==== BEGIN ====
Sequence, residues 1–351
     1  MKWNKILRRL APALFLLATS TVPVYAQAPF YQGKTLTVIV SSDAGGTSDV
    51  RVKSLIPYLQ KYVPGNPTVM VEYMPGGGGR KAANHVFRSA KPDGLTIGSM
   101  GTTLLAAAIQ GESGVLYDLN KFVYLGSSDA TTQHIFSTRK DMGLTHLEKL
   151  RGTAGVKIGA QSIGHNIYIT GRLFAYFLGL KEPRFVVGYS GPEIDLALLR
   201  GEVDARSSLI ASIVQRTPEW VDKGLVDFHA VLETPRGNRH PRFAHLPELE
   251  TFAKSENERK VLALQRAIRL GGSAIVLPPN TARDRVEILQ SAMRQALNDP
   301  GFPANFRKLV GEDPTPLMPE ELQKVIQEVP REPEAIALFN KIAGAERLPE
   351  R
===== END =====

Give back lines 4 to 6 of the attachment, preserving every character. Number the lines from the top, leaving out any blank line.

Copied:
   101  GTTLLAAAIQ GESGVLYDLN KFVYLGSSDA TTQHIFSTRK DMGLTHLEKL
   151  RGTAGVKIGA QSIGHNIYIT GRLFAYFLGL KEPRFVVGYS GPEIDLALLR
   201  GEVDARSSLI ASIVQRTPEW VDKGLVDFHA VLETPRGNRH PRFAHLPELE